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Learning on the Quick and Cheap: Gains from Trade Through Imported Expertise

  • James R. Markusen
  • Thomas F. Rutherford

Gains from productivity and knowledge transmission arising from the presence of foreign firms has received a good deal of empirical attention, but micro-foundations for this mechanism are weak . Here we focus on production by foreign experts who may train domestic unskilled workers who work with them. Gains from training can in turn be decomposed into two types: (a) obtaining knowledge and skills at a lower cost than if they are self-taught at home, (b) producing domestic skilled workers earlier in time than if they the domestic economy had to rediscover the relevant knowledge through reinventing the wheel'. We develop a three-period model in which the economy initially has no skilled workers. Workers can withdraw from the labor force for two periods of self study and then produce as skilled workers in the third period. Alternatively, foreign experts can be hired in period 1 and domestic unskilled labor working with the experts become skilled in the second period. We analyze how production, training, and welfare depend on two important parameters: the cost of foreign experts and the learning (or absorptive') capacity of the domestic economy.

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Paper provided by National Bureau of Economic Research, Inc in its series NBER Working Papers with number 10603.

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Date of creation: Jul 2004
Date of revision:
Handle: RePEc:nbr:nberwo:10603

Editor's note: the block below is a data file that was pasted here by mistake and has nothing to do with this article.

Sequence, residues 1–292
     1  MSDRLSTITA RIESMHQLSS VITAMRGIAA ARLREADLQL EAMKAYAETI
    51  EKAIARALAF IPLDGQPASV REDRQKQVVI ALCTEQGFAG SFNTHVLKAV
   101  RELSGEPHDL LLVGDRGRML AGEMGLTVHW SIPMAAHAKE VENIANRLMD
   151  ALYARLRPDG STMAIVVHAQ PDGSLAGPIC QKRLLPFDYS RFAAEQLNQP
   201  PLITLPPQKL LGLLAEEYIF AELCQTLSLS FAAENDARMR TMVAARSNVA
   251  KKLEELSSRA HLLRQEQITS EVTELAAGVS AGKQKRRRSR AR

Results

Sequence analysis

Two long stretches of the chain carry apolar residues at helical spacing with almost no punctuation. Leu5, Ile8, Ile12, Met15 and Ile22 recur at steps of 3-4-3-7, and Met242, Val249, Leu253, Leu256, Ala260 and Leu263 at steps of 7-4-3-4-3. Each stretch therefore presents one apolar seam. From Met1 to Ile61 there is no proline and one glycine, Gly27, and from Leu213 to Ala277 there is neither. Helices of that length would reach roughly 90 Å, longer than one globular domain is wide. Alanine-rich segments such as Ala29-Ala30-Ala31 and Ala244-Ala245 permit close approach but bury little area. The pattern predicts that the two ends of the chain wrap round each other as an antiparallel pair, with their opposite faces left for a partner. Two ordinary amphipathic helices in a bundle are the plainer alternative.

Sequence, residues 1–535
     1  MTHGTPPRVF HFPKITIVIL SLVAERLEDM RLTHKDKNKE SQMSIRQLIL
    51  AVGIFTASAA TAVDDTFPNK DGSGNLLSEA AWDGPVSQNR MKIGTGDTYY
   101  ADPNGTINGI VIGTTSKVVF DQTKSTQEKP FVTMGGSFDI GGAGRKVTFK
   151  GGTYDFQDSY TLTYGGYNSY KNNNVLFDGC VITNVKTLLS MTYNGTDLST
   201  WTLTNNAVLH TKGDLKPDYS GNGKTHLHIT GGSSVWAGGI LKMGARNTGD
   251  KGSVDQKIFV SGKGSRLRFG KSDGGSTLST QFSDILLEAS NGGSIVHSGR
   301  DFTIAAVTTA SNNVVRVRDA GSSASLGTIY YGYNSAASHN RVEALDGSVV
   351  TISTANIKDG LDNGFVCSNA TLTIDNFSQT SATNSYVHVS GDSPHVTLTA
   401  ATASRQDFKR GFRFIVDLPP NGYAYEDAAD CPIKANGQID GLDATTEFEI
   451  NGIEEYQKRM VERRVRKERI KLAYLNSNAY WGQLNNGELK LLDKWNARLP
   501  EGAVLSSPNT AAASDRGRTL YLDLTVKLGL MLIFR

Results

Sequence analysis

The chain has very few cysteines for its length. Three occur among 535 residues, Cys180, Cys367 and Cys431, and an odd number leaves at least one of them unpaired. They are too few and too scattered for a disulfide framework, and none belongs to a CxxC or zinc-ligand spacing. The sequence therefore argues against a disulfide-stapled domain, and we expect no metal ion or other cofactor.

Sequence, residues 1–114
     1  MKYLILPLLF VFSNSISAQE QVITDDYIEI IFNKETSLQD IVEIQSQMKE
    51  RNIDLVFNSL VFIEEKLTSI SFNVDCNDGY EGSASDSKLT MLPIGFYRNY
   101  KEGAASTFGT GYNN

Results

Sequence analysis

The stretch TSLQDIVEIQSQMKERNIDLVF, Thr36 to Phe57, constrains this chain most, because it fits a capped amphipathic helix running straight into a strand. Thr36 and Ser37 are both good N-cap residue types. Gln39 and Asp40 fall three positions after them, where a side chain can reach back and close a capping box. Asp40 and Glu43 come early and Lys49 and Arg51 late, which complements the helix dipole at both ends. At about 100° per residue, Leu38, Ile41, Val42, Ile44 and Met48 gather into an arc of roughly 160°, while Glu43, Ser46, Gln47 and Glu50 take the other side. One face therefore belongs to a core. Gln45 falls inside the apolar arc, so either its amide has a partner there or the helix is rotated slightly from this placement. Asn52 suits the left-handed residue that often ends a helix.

Note: ITI
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  1. James R. Markusen & Thomas F. Rutherford & David Tarr, 2000. "Foreign Direct Investments in Services and the Domestic Market for Expertise," NBER Working Papers 7700, National Bureau of Economic Research, Inc.
  2. Wolfgang Keller, 2000. "Geographic Localization of International Technology Diffusion," NBER Working Papers 7509, National Bureau of Economic Research, Inc.
  3. Blomström, Magnus & Sjöholm, Fredrik, 1998. "Technology Transfer and Spillovers: Does Local Participation with Multinationals Matter?," SSE/EFI Working Paper Series in Economics and Finance 268, Stockholm School of Economics.
  4. Keller, Wolfgang, 1997. "How trade patterns and technology flows affect productivity growth," Policy Research Working Paper Series 1831, The World Bank.
  5. Bronwyn H. Hall & Beethika Khan, 2004. "Adoption of New Technology," Development and Comp Systems 0401001, EconWPA.
  6. Wolfgang Keller, 1996. "Are International R&D Spillovers Trade-related? Analyzing Spillovers among Randomly Matched Trade Partners," International Trade 9608002, EconWPA.
  7. Glass, Amy Jocelyn & Saggi, Kamal, 1999. "Multinational firms and technology transfer," Policy Research Working Paper Series 2067, The World Bank.
  8. Beata K. Smarzynska, 2003. "Does Foreign Direct Investment Increase the Productivity of Domestic Firms? In Search of Spillovers through Backward Linkages," William Davidson Institute Working Papers Series 548, William Davidson Institute at the University of Michigan.
  9. Wilfred J. Ethier & James R. Markusen, 1991. "Multinational Firms, Technology Diffusion and Trade," NBER Working Papers 3825, National Bureau of Economic Research, Inc.
  10. James Markusen & Thomas Rutherford & David Tarr, 2005. "Trade and direct investment in producer services and the domestic market for expertise," Canadian Journal of Economics, Canadian Economics Association, vol. 38(3), pages 758-777, August.
  11. James R. Markusen & Anthony J. Venables, 1997. "Foreign Direct Investment as a Catalyst for Industrial Development," NBER Working Papers 6241, National Bureau of Economic Research, Inc.
  12. Fosfuri, Andrea & Motta, Massimo & Rønde, Thomas, 1999. "Foreign Direct Investment and Spillovers through Workers' Mobility," CEPR Discussion Papers 2194, C.E.P.R. Discussion Papers.
  13. Markusen, James R., 2001. "Contracts, intellectual property rights, and multinational investment in developing countries," Journal of International Economics, Elsevier, vol. 53(1), pages 189-204, February.
  14. Gong, Guan & Keller, Wolfgang, 2003. "Convergence and polarization in global income levels: a review of recent results on the role of international technology diffusion," Research Policy, Elsevier, vol. 32(6), pages 1055-1079, June.
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